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Acquaintance with defaulters may impact Americans' credit decisions and economic outlook

Nov 10, 2011 Walt Wojoiechowski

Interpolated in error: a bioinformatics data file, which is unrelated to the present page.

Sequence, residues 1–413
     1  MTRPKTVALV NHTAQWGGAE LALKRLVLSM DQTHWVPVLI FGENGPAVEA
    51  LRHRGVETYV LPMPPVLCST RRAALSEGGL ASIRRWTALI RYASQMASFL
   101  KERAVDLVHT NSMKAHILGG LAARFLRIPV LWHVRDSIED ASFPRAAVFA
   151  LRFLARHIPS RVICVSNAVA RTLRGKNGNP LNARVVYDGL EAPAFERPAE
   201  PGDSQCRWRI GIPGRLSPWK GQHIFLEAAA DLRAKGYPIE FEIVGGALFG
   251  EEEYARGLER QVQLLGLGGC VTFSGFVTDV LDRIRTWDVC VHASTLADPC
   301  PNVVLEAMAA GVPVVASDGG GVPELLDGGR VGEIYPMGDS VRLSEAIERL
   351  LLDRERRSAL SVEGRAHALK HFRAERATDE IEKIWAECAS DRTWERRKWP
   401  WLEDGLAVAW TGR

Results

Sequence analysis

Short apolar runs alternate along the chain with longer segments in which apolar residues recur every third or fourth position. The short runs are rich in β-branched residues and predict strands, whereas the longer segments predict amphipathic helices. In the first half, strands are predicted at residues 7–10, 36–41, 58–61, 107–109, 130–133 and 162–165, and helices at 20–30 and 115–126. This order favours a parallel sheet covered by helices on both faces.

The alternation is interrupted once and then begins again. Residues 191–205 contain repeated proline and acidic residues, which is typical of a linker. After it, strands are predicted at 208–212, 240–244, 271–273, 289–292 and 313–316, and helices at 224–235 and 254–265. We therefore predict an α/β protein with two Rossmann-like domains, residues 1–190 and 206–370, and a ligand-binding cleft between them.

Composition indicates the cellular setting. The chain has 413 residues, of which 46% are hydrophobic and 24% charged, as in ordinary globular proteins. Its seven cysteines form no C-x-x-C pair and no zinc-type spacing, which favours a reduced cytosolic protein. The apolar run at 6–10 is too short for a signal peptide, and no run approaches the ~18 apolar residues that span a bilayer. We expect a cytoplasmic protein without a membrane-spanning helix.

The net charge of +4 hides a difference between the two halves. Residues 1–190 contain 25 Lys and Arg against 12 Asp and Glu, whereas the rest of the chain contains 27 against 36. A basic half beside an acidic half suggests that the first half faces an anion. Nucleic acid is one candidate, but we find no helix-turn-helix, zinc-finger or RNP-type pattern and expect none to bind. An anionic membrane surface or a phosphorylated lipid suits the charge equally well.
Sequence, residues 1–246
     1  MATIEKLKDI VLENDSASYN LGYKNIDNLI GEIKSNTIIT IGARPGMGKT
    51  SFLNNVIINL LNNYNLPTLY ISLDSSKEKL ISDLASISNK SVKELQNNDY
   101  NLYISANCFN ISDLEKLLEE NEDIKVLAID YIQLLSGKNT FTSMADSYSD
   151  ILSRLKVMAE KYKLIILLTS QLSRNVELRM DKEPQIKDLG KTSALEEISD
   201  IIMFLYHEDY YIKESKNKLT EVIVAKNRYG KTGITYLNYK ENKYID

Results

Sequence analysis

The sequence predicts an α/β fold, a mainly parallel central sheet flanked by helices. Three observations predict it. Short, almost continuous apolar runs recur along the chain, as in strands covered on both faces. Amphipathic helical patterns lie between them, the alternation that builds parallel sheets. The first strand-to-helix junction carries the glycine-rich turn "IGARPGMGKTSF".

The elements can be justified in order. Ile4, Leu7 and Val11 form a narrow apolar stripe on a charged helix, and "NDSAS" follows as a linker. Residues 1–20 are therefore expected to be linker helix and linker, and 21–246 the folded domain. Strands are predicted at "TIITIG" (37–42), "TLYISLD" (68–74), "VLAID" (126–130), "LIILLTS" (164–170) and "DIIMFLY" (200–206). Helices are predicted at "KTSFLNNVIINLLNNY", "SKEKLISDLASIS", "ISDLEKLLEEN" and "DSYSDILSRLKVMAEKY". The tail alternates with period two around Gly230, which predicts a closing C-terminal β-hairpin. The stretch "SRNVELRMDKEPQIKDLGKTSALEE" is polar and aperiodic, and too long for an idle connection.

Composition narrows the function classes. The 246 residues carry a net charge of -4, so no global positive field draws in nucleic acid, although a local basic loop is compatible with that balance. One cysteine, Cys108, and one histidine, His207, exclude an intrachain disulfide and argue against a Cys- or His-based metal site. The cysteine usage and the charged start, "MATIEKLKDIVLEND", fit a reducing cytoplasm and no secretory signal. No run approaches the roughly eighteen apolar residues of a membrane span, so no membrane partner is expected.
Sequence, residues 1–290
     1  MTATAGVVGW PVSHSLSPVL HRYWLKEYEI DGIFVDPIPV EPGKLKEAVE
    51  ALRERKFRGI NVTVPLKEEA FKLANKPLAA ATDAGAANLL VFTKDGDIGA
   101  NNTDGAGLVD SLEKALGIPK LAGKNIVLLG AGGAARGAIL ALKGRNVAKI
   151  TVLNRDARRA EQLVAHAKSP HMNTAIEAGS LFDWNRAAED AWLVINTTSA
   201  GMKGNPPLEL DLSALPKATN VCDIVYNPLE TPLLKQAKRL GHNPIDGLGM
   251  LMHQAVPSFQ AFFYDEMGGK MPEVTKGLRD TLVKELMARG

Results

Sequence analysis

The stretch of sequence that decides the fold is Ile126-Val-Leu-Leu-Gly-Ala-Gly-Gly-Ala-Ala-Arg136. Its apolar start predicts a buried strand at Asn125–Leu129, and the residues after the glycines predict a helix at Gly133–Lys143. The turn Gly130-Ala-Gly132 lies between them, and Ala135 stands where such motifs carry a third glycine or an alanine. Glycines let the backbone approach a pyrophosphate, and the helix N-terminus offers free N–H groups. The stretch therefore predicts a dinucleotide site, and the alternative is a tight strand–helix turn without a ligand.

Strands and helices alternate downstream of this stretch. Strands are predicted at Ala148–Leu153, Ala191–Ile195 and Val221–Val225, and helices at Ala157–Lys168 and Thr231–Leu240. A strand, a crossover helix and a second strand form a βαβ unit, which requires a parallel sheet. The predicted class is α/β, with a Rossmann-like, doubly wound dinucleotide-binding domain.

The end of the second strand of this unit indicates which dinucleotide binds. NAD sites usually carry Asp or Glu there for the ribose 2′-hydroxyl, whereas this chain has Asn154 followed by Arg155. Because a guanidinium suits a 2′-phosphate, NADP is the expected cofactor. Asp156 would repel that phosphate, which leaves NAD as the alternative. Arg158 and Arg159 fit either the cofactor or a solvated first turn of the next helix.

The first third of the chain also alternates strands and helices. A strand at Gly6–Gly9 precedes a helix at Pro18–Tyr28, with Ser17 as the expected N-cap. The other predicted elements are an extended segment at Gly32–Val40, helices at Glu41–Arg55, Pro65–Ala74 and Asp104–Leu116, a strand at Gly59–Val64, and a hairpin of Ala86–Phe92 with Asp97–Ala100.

Despite a near epidemic level of home foreclosures in recent years as the result of the subprime lending and housing bubble, consumers still view home buying as smart investment. According to the most recent National Housing Survey from Fannie Mae, roughly 9 in ten homeowners believe owning a home makes more sense than renting - regardless of if they know someone who has defaulted on their mortgage. The survey also found 67 percent of owners and 52 percent of renters who know defaulters say buying a home is a safe investment. "Knowing someone who has defaulted on their mortgage appears to be correlated with consumers being slightly more pessimistic about the direction of the economy, their finances, and their ability to obtain a mortgage, but does not materially correlate with their desire to own a home or their view of housing as a safe investment," said Doug Duncan, vice president and chief economist of Fannie Mae. However, the survey also found Americans are more pessimistic about the broader U.S. economy. Eighty percent of owners and 74 percent of renters who know defaulters say the economy is on the wrong track, slightly higher than among those who do not know defaulters.